Sunday, June 13, 2004


In my recent comment on the Leftist claim that Reagan was a peacenik, I pointed out that his negotiations with Gorbachev over nuclear disarmament were in no way Leftist-inspired but rather an example of good conservative pragmatism -- something Gorbachev himself perceived. It is interesting that Kesler's survey of American conservatism in the 20th century also identifies American conservatives generally as being overwhelmingly and repeatedly pragmatic and little concerned with or unified by broad theoretical systems -- though Kesler, as a believer in natural-law morality, deplores that. Excerpts:

"it is possible to have conservatives without having a unified conservative movement. Indeed, this was the situation in America before the mid-1950s. If it is not quite the plight of conservatives today, it may soon be again... Meyer's fusionism thus missed many of the hard questions about morality and politics.... The overwhelming practical imperative was to resist liberalism at home and defeat Communism abroad, and it would have been wrong to try to insist on other principles or conditions for such a necessary alliance... More and more, conservatism lacks a common message or focus, and the education it offers citizens and politicians is splintered into myriad discussions of specific policies."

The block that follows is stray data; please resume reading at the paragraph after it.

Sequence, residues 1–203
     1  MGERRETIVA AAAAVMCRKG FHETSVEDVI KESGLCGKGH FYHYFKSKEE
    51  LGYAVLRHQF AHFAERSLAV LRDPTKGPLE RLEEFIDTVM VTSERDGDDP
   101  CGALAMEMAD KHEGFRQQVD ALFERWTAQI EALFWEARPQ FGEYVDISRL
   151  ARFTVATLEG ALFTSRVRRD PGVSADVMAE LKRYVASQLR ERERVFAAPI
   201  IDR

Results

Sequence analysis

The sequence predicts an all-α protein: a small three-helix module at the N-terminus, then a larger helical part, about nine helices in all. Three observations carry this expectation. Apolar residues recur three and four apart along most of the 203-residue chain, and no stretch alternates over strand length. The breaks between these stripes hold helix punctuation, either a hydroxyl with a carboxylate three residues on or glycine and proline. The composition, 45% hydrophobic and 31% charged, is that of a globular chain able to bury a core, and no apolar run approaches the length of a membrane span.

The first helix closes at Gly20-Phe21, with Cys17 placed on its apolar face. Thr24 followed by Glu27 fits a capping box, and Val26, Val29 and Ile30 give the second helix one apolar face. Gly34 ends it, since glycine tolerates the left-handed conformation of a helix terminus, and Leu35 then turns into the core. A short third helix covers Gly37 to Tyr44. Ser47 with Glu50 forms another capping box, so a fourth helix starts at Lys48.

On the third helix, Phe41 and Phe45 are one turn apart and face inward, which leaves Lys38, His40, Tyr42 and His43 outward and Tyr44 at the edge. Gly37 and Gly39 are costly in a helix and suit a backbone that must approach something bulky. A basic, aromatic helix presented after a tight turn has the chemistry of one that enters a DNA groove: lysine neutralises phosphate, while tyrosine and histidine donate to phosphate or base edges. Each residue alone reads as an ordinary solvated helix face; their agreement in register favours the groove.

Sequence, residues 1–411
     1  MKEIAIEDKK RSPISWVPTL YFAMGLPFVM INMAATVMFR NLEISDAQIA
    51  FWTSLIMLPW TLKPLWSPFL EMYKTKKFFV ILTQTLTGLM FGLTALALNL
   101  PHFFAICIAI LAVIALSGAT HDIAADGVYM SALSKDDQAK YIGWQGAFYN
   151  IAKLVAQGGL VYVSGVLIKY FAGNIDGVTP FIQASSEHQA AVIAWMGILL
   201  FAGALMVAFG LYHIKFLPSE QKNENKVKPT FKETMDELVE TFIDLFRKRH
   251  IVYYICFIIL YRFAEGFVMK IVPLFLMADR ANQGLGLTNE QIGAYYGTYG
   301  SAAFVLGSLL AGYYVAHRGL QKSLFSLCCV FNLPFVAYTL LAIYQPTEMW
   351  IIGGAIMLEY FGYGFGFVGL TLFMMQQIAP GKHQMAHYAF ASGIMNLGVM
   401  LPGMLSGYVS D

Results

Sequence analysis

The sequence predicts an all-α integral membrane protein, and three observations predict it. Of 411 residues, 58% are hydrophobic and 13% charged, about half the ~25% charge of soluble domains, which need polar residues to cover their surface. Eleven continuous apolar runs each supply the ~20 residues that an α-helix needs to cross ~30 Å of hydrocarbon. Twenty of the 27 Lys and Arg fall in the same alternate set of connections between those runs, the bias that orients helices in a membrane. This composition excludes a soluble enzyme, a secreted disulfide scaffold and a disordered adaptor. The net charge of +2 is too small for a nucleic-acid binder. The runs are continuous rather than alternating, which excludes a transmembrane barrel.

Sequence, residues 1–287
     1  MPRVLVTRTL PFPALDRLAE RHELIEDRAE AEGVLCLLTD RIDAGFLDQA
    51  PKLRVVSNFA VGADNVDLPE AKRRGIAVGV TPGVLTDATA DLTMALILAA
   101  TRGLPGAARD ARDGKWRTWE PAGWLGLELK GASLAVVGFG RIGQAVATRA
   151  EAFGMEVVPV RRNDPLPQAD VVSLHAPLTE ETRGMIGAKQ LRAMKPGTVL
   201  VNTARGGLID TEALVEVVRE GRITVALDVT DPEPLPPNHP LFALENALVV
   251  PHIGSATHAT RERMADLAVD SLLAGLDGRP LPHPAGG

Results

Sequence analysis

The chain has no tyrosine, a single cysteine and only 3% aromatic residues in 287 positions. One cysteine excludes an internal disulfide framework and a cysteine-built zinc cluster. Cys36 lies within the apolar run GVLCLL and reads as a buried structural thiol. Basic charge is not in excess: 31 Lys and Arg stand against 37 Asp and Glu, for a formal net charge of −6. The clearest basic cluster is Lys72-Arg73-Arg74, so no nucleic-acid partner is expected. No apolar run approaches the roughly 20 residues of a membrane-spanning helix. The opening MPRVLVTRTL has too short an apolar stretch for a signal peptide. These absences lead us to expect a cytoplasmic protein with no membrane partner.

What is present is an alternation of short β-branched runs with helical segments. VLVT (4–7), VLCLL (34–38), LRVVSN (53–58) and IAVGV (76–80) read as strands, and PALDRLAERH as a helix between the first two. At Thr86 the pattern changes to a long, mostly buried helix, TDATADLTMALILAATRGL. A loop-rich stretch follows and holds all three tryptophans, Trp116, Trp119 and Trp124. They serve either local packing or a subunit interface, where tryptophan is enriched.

The word "pragmatic" however, is a rather broad term and it could be held to imply a total lack of principles. I think that Reagan himself is the best demonstration that that is not so. His was the most principled pragmatism one could imagine. Everything he did was calculated to get the best possible deal for the individual. His goals and principles could not have been clearer or more firmly-founded. And who would deny that getting both the USA and the USSR to scrap all nuclear weapons would have been a tremendous victory for the individual? As a true conservative, Reagan had guiding values but he was very flexible about the means of attaining them. Conservatives go by what works but they go by what works in the service of the individual.

Another point I explore elsewhere is that the association between love of individual liberty and pragmatism is no accident. The two attitudes are in fact related.


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